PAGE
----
SAN FRANCISCO - Twitter said in a lawsuit on Thursday that it had received a demand from U.S. officials for records that could reveal the user behind a Twitter account opposed to President Donald Trump. Twitter is challenging the demand in court.
The lawsuit over the anonymous account, claimed to be run by federal immigration employees, was filed in federal court in San Francisco, where Twitter is based.
Following Trump's inauguration in January, anonymous Twitter feeds voicing concerns at more than a dozen U.S. government agencies appeared to challenge the president's views on climate change and other issues.
In the lawsuit, Twitter mentions that the Twitter account in question, @ALT_USCIS, has been known to "express public criticism of the Department and the current Administration," but that Twitter and its users are protected under the First Amendment.
The US government, Twitter says in the complaint, "may not compel Twitter to disclose information regarding the real identities of these users without first demonstrating that some criminal or civil offense has been committed, that unmasking the users’ identity is the least restrictive means for investigating that offense, that the demand for this information is not motivated by a desire to suppress free speech, and that the interests of pursuing that investigation outweigh the important First Amendment rights of Twitter and its users."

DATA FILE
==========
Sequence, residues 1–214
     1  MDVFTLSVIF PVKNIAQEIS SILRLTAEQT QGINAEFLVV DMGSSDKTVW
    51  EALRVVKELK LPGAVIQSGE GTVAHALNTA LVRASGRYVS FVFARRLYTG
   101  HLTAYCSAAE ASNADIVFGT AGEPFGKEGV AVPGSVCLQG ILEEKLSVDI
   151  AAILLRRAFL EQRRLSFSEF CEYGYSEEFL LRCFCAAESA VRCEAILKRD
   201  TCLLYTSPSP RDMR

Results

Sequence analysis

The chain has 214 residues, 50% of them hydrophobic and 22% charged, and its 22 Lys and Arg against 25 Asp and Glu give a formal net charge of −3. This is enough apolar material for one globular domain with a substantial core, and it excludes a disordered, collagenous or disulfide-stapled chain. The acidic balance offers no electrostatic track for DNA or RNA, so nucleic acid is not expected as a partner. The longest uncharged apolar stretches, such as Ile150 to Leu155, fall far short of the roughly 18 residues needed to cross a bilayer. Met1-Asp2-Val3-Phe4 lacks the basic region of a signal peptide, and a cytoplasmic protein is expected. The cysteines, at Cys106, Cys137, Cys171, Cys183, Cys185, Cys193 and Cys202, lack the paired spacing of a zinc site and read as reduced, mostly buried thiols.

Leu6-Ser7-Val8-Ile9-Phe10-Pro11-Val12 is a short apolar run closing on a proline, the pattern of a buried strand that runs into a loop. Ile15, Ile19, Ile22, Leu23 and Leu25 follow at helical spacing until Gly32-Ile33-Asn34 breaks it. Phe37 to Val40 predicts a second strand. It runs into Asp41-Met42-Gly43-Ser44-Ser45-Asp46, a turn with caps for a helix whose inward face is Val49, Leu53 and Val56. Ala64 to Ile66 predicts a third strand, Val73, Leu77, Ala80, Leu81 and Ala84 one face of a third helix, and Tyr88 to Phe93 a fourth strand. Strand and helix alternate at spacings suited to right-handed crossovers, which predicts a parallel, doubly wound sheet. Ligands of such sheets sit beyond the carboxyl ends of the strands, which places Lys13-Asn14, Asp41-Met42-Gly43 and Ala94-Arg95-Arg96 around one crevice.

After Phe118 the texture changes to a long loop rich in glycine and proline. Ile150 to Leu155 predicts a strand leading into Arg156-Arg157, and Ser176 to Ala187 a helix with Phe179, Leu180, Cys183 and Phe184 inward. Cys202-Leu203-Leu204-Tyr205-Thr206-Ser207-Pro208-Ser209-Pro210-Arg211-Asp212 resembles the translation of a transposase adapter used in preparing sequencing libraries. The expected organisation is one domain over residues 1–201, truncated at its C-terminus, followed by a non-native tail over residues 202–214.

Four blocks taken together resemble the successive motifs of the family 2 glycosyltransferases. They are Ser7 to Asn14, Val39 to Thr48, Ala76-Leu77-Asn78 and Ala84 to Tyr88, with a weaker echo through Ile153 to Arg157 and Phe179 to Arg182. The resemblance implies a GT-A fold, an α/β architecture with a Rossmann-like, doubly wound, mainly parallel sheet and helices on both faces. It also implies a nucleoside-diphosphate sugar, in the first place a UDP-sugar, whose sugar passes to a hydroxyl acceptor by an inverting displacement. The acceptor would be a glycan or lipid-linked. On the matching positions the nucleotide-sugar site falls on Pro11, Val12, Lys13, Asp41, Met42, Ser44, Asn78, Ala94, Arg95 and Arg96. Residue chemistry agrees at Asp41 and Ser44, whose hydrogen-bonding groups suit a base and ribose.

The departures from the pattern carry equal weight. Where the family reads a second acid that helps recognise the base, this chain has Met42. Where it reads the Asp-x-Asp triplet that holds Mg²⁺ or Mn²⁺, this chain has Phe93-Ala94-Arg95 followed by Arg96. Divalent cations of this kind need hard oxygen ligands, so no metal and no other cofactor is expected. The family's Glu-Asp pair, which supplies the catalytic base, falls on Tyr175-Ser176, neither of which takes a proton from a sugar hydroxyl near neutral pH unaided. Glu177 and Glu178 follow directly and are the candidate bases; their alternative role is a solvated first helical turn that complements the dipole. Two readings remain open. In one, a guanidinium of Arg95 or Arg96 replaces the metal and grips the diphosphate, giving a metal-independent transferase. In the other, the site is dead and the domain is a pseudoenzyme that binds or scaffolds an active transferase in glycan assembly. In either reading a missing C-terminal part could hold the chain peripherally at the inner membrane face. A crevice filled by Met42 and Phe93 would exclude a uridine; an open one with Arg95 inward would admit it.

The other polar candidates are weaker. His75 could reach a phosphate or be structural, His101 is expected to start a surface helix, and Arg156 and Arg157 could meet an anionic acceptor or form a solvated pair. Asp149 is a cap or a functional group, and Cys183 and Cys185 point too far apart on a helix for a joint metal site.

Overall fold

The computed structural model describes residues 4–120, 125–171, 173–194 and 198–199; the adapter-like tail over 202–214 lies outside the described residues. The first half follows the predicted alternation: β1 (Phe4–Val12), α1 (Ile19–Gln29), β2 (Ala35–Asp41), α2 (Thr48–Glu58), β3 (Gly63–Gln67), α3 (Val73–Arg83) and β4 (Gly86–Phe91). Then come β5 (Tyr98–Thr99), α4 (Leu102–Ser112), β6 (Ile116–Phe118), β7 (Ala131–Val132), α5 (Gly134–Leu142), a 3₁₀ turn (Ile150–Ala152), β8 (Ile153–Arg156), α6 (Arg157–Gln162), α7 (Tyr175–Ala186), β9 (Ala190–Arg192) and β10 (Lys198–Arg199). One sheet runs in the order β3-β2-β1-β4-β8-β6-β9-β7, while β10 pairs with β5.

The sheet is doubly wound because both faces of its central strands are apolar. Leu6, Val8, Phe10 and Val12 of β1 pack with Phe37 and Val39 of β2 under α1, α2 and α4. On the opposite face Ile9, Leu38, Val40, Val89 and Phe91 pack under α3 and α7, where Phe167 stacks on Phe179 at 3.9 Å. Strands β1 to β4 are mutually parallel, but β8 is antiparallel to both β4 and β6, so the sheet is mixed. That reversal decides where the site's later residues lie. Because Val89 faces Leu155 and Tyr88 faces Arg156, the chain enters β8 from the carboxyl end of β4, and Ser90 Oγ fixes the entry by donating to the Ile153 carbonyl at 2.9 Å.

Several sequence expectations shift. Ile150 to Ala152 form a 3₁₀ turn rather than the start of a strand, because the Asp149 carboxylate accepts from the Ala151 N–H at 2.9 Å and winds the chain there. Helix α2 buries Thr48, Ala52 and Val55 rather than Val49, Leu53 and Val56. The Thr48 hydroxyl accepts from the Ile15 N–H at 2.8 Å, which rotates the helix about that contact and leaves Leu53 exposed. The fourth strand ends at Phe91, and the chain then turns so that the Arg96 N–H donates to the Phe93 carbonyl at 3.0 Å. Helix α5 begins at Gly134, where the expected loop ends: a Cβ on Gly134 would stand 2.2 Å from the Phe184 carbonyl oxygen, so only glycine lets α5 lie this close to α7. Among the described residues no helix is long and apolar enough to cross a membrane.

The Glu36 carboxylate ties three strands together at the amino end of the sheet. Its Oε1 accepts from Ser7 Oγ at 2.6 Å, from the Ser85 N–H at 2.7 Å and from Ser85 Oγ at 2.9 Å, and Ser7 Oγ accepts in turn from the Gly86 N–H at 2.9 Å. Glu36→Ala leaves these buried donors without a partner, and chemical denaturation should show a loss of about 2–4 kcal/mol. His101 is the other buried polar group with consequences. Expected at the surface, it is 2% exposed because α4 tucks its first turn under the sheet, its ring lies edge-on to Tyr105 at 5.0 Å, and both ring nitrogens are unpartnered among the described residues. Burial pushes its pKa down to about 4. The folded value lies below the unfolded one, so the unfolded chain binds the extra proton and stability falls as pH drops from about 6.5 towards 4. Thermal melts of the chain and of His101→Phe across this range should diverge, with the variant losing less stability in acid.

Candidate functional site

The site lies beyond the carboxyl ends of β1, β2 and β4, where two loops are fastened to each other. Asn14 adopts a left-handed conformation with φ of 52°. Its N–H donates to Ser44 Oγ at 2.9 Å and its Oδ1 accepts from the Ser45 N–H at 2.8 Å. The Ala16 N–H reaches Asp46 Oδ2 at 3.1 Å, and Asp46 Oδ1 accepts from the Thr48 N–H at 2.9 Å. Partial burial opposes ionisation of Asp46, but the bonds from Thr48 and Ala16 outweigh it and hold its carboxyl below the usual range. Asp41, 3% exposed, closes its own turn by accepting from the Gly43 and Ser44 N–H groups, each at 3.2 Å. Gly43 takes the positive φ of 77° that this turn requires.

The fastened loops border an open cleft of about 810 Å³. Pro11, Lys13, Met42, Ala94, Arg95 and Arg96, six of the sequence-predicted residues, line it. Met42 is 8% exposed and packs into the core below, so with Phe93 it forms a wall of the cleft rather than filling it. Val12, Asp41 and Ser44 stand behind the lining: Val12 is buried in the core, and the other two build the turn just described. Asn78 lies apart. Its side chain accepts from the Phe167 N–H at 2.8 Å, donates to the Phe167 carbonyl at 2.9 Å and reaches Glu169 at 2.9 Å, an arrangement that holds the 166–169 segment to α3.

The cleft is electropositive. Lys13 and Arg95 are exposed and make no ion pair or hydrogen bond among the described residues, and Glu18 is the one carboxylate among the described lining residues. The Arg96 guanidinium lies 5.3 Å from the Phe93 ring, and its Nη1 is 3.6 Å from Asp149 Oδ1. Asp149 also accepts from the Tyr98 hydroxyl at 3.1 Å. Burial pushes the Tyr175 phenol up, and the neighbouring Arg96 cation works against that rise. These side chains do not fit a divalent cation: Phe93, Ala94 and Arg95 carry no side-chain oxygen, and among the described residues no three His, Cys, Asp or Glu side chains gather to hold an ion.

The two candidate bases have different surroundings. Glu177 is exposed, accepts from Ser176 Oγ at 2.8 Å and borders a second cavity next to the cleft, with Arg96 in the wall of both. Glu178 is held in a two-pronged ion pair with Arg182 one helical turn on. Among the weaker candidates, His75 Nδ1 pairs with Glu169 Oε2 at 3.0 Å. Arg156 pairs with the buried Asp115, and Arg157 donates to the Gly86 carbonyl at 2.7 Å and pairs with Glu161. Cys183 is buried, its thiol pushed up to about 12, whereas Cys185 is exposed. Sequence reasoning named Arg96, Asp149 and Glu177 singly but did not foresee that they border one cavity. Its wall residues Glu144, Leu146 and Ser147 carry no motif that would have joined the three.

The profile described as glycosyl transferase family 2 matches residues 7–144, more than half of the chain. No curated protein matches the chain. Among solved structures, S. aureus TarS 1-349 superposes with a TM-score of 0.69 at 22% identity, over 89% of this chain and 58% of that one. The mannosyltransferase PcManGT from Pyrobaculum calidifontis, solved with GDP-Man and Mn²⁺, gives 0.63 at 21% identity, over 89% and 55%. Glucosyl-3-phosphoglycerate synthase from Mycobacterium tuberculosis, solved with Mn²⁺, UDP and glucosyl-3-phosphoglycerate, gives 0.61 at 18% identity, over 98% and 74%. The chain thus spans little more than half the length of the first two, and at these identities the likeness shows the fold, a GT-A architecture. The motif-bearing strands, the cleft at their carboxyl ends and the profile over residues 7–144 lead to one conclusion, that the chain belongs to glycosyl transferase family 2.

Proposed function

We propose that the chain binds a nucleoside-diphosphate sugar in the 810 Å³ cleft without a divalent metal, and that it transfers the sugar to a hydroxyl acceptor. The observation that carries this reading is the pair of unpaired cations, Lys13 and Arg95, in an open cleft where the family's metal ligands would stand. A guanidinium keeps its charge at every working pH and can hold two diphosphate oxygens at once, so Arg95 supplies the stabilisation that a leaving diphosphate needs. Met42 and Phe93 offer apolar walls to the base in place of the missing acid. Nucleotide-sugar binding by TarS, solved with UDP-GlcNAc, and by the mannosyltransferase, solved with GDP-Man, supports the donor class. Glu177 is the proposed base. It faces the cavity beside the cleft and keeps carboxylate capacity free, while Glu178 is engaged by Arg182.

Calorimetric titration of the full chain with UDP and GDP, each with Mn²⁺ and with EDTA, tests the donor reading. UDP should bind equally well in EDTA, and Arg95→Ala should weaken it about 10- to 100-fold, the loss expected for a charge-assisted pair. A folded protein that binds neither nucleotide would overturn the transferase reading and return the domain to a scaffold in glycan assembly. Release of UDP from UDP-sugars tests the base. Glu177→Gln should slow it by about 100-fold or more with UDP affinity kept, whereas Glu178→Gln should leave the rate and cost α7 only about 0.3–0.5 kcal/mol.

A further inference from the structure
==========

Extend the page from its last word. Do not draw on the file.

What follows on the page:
Twitter says that "Defendants have not come close to making any of those showings."
"The rights of free speech afforded Twitter’s users and Twitter itself under the First Amendment of the U.S. Constitution include a right to disseminate such anonymous or pseudonymous political speech," Twitter said in the lawsuit.
The U.S. Department of Homeland Security, which is a defendant in the lawsuit, declined to comment on pending litigation.
The company said it received an administrative summons last month demanding that it provide records related to the account. The acronym CIS refers to U.S. Citizenship and Immigration Services, and the account's description refers to itself as "immigration resistance."
The social media company has a history of challenging other government demands for information on its users, including a 2012 demand from New York prosecutors about an Occupy Wall Street protester.
Twitter declined to comment.
(Editing by Chris Reese and Lisa Shumaker)
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